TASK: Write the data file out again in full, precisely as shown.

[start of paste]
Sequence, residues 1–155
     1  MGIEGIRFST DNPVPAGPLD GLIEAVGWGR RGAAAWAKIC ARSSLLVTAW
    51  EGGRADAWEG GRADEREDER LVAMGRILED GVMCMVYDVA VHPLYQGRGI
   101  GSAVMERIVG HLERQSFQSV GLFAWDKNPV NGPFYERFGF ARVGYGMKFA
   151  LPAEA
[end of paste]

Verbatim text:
Sequence, residues 1–155
     1  MGIEGIRFST DNPVPAGPLD GLIEAVGWGR RGAAAWAKIC ARSSLLVTAW
    51  EGGRADAWEG GRADEREDER LVAMGRILED GVMCMVYDVA VHPLYQGRGI
   101  GSAVMERIVG HLERQSFQSV GLFAWDKNPV NGPFYERFGF ARVGYGMKFA
   151  LPAEA